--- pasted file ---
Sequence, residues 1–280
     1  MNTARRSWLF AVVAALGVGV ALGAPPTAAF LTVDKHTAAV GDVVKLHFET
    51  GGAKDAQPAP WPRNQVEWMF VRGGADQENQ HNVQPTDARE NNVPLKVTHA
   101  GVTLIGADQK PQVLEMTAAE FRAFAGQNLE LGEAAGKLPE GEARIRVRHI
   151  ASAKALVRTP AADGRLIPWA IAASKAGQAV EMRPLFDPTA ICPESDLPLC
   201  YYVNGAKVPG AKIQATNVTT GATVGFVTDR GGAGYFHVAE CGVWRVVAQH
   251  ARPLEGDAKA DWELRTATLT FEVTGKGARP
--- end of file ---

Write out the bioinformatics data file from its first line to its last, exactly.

Sequence, residues 1–280
     1  MNTARRSWLF AVVAALGVGV ALGAPPTAAF LTVDKHTAAV GDVVKLHFET
    51  GGAKDAQPAP WPRNQVEWMF VRGGADQENQ HNVQPTDARE NNVPLKVTHA
   101  GVTLIGADQK PQVLEMTAAE FRAFAGQNLE LGEAAGKLPE GEARIRVRHI
   151  ASAKALVRTP AADGRLIPWA IAASKAGQAV EMRPLFDPTA ICPESDLPLC
   201  YYVNGAKVPG AKIQATNVTT GATVGFVTDR GGAGYFHVAE CGVWRVVAQH
   251  ARPLEGDAKA DWELRTATLT FEVTGKGARP